Original U.S. Civil War Springfield M1863 Percussion Rifle Converted to Sporter with Trapdoor Carbine Stock - dated 1864
Original Item: Only One Available. The Springfield Model 1863 rifled musket is a .58 caliber rifled musket produced by the Springfield Armory between 1863 and 1865. The Model 1863 was a minor improvement over the Springfield Model 1861. As such, it is sometimes classified as just a variant of the Model 1861. The Model 1861, with all of its variants, was the most commonly used longarm in the American Civil War, with over 700,000 manufactured. The Model 1863 also has the distinction of being the last muzzle-loading longarm produced by the Springfield Armory.
The Model 1863 was produced in two variants. The Type I eliminated the band springs and replaced the flat barrel bands with oval clamping bands. It also featured a new ramrod, a case-hardened lock, a new hammer, and a redesigned bolster (percussion chamber). Several of these modifications were based upon Colt's contract model 1861, known as the "Colt special". 273,265 Type I variants were manufactured in 1863.
The Type II is sometimes referred to as the Model 1864, but is more commonly referred to as just a variant of the Model 1863. This version re-introduced band springs, replaced the clamping bands with solid oval bands, and replaced the three leaf rear sight with single leaf sight. A total of 255,040 of these were manufactured from 1864 to 1865.
By the end of the Civil War, muzzle-loading rifles and muskets were considered obsolete. In the years following the Civil War, many Model 1863 muskets were converted into breech-loading "Trapdoor Springfields". The breech-loading weapons increased the rate of fire from 3 to 4 rounds per minute to 8 to 10 rounds per minute. The Model 1863 could be converted to breech-loading for about $5, at a time when a new rifle would cost about $20. The conversion of Model 1863 rifles therefore represented a significant cost savings to the U.S. military.
This type II 1863 however escaped that conversion, but it was still modified extensively in other ways. It looks like it was reassembled into a short stock percussion sporter, either at arsenal or by a local gunsmith. In some ways it can barely be called a Model 1863, as only they lock is from one, while the barrel is a Model 1861 barrel, with the old style bolster with a cleanout. Even more interesting is the stock, which is a modified Model 1873 Springfield Trapdoor stock. Whoever put this together definitely had access to a wide range of U.S. issue parts, which is why we suspect it may have been some type of "project" gun made at Springfield for some reason.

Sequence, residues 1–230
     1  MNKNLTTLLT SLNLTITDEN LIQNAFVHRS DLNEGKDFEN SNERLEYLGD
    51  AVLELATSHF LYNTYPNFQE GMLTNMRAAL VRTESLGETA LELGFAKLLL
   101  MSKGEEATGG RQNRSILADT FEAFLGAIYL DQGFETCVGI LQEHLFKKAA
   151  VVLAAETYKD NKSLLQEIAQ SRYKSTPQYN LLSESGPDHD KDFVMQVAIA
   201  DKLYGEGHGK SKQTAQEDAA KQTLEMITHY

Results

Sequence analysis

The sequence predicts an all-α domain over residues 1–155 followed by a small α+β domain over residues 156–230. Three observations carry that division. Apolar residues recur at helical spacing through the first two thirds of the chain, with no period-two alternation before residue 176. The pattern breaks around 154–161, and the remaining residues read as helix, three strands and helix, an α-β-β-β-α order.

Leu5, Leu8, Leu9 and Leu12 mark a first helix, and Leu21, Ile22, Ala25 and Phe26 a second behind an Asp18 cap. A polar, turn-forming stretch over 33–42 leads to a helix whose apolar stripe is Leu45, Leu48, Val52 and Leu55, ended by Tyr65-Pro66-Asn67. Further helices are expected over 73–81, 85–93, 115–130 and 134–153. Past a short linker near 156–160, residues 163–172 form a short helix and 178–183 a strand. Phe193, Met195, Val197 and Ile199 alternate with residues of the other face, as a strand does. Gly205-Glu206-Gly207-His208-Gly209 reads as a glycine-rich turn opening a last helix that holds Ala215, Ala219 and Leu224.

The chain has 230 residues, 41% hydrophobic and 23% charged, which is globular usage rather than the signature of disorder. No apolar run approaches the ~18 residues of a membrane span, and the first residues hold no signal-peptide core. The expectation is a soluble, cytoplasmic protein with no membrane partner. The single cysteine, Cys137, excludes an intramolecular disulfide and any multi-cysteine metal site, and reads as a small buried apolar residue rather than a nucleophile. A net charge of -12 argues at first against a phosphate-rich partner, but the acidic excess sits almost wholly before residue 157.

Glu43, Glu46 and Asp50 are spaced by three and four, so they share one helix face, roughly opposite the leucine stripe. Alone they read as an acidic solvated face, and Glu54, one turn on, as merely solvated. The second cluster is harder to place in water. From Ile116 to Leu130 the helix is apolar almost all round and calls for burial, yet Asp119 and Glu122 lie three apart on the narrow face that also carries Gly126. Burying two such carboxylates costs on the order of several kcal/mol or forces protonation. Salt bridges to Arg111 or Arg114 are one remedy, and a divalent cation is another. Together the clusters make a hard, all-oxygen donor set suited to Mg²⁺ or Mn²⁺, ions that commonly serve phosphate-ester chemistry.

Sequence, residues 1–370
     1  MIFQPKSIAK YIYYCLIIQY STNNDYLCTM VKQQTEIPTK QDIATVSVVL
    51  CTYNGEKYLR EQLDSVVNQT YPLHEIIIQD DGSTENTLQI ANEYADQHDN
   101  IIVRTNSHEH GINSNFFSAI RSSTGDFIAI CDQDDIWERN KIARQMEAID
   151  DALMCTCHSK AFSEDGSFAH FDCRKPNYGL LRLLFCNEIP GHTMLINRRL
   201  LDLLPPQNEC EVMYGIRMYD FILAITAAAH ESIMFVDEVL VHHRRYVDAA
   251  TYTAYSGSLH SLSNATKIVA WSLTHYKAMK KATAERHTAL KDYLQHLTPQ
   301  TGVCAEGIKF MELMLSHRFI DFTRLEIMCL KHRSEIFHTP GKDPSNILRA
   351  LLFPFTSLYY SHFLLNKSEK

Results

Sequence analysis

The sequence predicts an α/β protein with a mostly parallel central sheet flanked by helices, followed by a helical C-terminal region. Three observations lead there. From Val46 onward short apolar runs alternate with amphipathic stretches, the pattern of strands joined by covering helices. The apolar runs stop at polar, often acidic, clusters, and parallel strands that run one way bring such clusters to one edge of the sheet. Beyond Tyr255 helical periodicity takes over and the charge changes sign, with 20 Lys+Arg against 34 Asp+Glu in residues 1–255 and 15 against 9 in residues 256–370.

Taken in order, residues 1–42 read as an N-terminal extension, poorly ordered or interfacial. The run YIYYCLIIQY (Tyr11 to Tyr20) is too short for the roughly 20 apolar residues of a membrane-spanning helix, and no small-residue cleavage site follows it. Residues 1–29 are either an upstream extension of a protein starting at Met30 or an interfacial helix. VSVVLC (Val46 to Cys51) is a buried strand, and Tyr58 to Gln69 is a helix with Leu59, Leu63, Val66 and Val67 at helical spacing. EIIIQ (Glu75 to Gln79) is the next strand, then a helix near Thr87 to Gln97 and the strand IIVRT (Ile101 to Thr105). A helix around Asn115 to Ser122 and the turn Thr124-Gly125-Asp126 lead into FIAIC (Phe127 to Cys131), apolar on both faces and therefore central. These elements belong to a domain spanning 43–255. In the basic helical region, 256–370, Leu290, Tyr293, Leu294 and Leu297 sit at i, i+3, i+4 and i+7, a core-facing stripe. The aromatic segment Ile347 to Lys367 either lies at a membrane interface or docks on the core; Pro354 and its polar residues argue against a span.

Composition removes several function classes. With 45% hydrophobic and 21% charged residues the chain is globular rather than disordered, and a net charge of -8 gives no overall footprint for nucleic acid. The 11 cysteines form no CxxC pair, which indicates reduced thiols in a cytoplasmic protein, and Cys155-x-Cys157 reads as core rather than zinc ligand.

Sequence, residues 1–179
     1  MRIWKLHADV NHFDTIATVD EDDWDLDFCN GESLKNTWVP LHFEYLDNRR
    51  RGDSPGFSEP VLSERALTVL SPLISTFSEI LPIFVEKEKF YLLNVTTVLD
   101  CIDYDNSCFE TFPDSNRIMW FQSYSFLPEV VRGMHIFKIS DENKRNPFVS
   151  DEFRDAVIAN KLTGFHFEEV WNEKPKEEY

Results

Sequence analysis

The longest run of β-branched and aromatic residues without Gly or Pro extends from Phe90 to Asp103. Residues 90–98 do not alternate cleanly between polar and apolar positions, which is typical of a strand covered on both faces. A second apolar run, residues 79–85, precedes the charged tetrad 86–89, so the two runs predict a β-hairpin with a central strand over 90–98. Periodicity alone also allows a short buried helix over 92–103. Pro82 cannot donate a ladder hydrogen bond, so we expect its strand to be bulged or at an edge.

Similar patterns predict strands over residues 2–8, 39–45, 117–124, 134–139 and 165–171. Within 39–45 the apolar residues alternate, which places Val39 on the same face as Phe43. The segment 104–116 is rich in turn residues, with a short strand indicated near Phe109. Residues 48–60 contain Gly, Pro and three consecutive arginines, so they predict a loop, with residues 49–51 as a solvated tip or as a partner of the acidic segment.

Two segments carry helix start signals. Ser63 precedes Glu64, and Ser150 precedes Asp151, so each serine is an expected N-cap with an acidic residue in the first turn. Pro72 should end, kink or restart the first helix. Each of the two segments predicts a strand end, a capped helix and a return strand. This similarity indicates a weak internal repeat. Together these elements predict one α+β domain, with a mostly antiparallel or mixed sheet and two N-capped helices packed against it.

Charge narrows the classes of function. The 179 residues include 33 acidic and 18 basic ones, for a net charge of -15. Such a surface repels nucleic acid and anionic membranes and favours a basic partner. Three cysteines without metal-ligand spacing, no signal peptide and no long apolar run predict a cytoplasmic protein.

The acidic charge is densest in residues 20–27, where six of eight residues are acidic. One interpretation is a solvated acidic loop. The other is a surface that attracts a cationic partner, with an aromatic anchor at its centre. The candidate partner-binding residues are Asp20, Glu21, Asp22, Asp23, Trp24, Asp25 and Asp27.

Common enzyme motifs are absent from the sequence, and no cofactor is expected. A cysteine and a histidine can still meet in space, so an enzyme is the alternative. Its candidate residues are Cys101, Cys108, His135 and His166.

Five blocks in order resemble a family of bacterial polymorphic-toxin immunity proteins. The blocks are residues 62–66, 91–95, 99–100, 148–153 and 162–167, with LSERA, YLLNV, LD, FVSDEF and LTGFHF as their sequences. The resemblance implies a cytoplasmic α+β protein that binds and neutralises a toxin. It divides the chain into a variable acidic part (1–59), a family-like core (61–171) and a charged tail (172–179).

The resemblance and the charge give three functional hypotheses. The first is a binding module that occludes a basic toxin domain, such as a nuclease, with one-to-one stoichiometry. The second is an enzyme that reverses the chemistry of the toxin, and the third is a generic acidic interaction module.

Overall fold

The rifle is dated 1864 on the lock plate tail, and also has an Eagle stamped into the lock to the left of U.S. / SPRINGFIELD, indicating production at the United States Armory and Arsenal at Springfield in Massachusetts. The lock markings are fully legible, and the lock plate is really in great shape, with minimal oxidation or other damage. It still functions correctly, holding at half cock and firing at full. The Model 1861 barrel is also in really nice shape, with a nice nipple cone and bolster cleanout screw, which still can be removed easily. The left side of the barrel nocks form has the correct V / P / Eagle's Head proof marks.
The walnut stock is still in good shape, though as noted before, it looks to have been modified from a Trapdoor carbine stock, as there really were no Springfield Rifled carbines. It also has the correct inlet on the left side for the breech block axis pin. The escutcheons for the lock screws are the larger time for a saddle ring bar, though the bar has been completely removed. We can also see that there was originally a band spring on the right side of the stock by the nose, but that was filled in, and now the band is retained by a screw. However it was also drilled for a ramrod, so this was definitely an interesting project.
The bore still shows clear three groove rifling, and actually is in quite good condition. However for some reason the last 8 inches of the barrel were roughly reamed out, removing the rifling. We have considered maybe it was intended as some type of shotgun for slugs with a partially rifled bore, but these would almost never be seen as a muzzle loader. It's possible that maybe it was intended to aid in loading the rifle.
A very interesting Sporterized example, possibly made at arsenal as a "project", but we suspect more likely by a local gunsmith. Ready to research and display!
Year of Manufacture: 1864 - extensively modified later
Cartridge Type: Minié Ball and Powder
Barrel Length: 34 Inches
Overall Length: 49 3/4 Inches
Action type: Side Action Lock
Feed System: Muzzle Loaded
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